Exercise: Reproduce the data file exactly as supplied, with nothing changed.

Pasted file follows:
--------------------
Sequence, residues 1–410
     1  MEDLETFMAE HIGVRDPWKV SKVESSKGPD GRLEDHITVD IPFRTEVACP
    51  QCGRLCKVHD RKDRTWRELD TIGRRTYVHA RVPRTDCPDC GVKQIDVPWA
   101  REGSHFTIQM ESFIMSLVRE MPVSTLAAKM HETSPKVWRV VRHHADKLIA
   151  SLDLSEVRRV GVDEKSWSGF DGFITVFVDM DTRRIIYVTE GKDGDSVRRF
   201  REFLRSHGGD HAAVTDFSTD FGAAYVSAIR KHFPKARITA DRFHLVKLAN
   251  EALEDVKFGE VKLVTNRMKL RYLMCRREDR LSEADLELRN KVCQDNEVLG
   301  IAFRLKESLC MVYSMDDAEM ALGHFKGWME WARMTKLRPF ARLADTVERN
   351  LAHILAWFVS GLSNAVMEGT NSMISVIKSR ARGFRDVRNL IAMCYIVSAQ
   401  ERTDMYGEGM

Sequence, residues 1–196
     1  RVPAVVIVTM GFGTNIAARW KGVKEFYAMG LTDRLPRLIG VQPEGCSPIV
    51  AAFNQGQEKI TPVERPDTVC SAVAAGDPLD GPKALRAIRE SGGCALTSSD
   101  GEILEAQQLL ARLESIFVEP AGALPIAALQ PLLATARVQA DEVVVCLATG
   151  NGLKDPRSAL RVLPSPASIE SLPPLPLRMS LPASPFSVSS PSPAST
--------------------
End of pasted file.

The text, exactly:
Sequence, residues 1–410
     1  MEDLETFMAE HIGVRDPWKV SKVESSKGPD GRLEDHITVD IPFRTEVACP
    51  QCGRLCKVHD RKDRTWRELD TIGRRTYVHA RVPRTDCPDC GVKQIDVPWA
   101  REGSHFTIQM ESFIMSLVRE MPVSTLAAKM HETSPKVWRV VRHHADKLIA
   151  SLDLSEVRRV GVDEKSWSGF DGFITVFVDM DTRRIIYVTE GKDGDSVRRF
   201  REFLRSHGGD HAAVTDFSTD FGAAYVSAIR KHFPKARITA DRFHLVKLAN
   251  EALEDVKFGE VKLVTNRMKL RYLMCRREDR LSEADLELRN KVCQDNEVLG
   301  IAFRLKESLC MVYSMDDAEM ALGHFKGWME WARMTKLRPF ARLADTVERN
   351  LAHILAWFVS GLSNAVMEGT NSMISVIKSR ARGFRDVRNL IAMCYIVSAQ
   401  ERTDMYGEGM

Sequence, residues 1–196
     1  RVPAVVIVTM GFGTNIAARW KGVKEFYAMG LTDRLPRLIG VQPEGCSPIV
    51  AAFNQGQEKI TPVERPDTVC SAVAAGDPLD GPKALRAIRE SGGCALTSSD
   101  GEILEAQQLL ARLESIFVEP AGALPIAALQ PLLATARVQA DEVVVCLATG
   151  NGLKDPRSAL RVLPSPASIE SLPPLPLRMS LPASPFSVSS PSPAST